Frustrated With Learning a Language? Don't Give Up!
So, I had a really cool experience with Russian the other day. I've been trying to learn Russian, and awhile back, I got really kind of frustrated with it. I wasn't quite picking it up as fast as I wanted to, and it felt like nothing was sinking in. I decided to take a little break from it for awhile and focus on my German, hoping that some time away would do me some good.
Then, a few weeks ago, I was at a thing for my family, and one of my cousin's friends who was there was talking in Russian with another one of their friends, because they'd just got back from living over there. Despite the fact that I hadn't advanced much in Russian in awhile, I tried to listen in to see if I could understand anything. The super cool thing was that I actually did understand some of it. Granted, I couldn't translate word for word, but I was able to pick out a lot more than I thought I ever would. It was probably one of the coolest feelings I've had.
So, the moral of this story? Don't give up on your language learning! I know that the grammar can be weird, or the words might fumble out of your mouth, but don't ever just decide that you aren't smart enough or something; that feeling of actually being able to understand that language is going to be totally worth it. And if I can do it, you can, too.
The sad thing is how many people give up at the very moment they should dig in. You can study books all day long then be at a loss for words when speaking to a native. And that moment when you venture out to actually converse is a key moment IMHO and it's a moment that defeats many. But you just need to power through it.
I was watching one of the James Bond movies awhile ago and although any foreign language was subtitled, I realized that I understood the French phrase, "Que est-ce que je fais ici?" when the lady muttered to herself. Small but important victory in the quest to learn French. So my advice is to not get distracted by what you don't know, but concentrate on the many small victories you attain while learning. Small victories can keep you in the fight.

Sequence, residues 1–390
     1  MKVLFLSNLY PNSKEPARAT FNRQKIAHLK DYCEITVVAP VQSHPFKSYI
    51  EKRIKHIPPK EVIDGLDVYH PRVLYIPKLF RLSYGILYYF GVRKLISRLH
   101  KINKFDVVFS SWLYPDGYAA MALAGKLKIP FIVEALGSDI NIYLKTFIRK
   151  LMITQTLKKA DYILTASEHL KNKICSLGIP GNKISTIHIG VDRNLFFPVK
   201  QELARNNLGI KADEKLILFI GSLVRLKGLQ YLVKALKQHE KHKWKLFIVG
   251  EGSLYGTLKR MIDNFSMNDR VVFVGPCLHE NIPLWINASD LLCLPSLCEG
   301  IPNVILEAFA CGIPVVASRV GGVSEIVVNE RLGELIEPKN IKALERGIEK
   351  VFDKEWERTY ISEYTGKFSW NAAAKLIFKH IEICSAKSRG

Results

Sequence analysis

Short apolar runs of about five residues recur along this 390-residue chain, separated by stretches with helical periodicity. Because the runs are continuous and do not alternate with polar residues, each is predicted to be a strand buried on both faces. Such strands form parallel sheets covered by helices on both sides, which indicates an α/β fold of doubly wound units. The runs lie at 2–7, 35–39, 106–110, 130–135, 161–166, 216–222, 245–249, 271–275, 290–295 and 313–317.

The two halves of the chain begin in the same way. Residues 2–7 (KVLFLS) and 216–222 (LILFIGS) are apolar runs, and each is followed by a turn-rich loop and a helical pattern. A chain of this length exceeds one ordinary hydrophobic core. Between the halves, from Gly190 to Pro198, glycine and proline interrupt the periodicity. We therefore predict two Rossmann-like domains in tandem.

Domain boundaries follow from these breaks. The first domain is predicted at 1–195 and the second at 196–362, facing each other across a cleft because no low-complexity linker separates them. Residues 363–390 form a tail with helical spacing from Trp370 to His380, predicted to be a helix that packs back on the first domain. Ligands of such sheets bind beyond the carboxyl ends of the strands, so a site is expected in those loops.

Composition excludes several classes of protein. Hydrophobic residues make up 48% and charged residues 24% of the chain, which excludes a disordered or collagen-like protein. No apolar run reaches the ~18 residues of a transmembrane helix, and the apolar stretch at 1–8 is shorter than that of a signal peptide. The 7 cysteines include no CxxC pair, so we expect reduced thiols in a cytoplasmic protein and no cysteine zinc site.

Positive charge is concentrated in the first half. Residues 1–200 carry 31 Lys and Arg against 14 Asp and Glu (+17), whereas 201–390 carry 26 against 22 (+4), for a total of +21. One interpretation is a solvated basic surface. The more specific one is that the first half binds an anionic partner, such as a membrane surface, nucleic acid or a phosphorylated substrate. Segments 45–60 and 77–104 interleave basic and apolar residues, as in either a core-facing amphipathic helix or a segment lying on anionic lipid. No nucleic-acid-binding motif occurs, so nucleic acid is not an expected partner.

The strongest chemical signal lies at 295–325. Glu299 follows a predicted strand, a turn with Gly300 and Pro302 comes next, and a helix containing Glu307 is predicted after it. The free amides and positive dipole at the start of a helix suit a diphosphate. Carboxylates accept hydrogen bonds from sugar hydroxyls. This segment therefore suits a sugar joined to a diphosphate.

Honestly I wanted to comment to remind you to put the apostrophe in: "Qu'est-ce que je fais ici?", but it felt rude to just do that. I did read the rest as well, and I agree. You are very right—I know actually trying and failing (or seeming to fail) to speak a language you've been learning can be very disheartening, but it's just one of those phases you have to go through.
I tend to practice speaking on my own, first. Just talk to yourself, or make a vlog or something (even if you never publish it). Possibly helpful for the introverted language learners among us.
That would have been fine. You wouldn't be the first person to correct me. Nor will you be the last. Even though I am now fluent in Spanish, I still occasionally get the genders wrong. Not to fear, I also get them wrong in French and Italian! Adding apostrophes to French and Italian is another thing I constantly forget. But you know what?
I don't care.
I mean, I do care, but not in the sense that I'm worried how I'll sound. So all you introverted learners, make mistakes, and be bold about it! No need to be embarrassed. There's no way you're ever going to speak a language without mistakes, so speak and get them out! Just watch kids learning English and see how little it bothers them to get corrected. You have to be like that and you'll learn fast!
I guess we are on a language learning website; it's not like on the rest of the internet where people get angry when you correct their language :)
Watch this video called "The Valley of The Suck"
It focuses on art, but in my opinion, it applies to any endeavour we take, including language learning. You have to cross this Valley of The Suck numerous times, and he describes how this journey can be for us.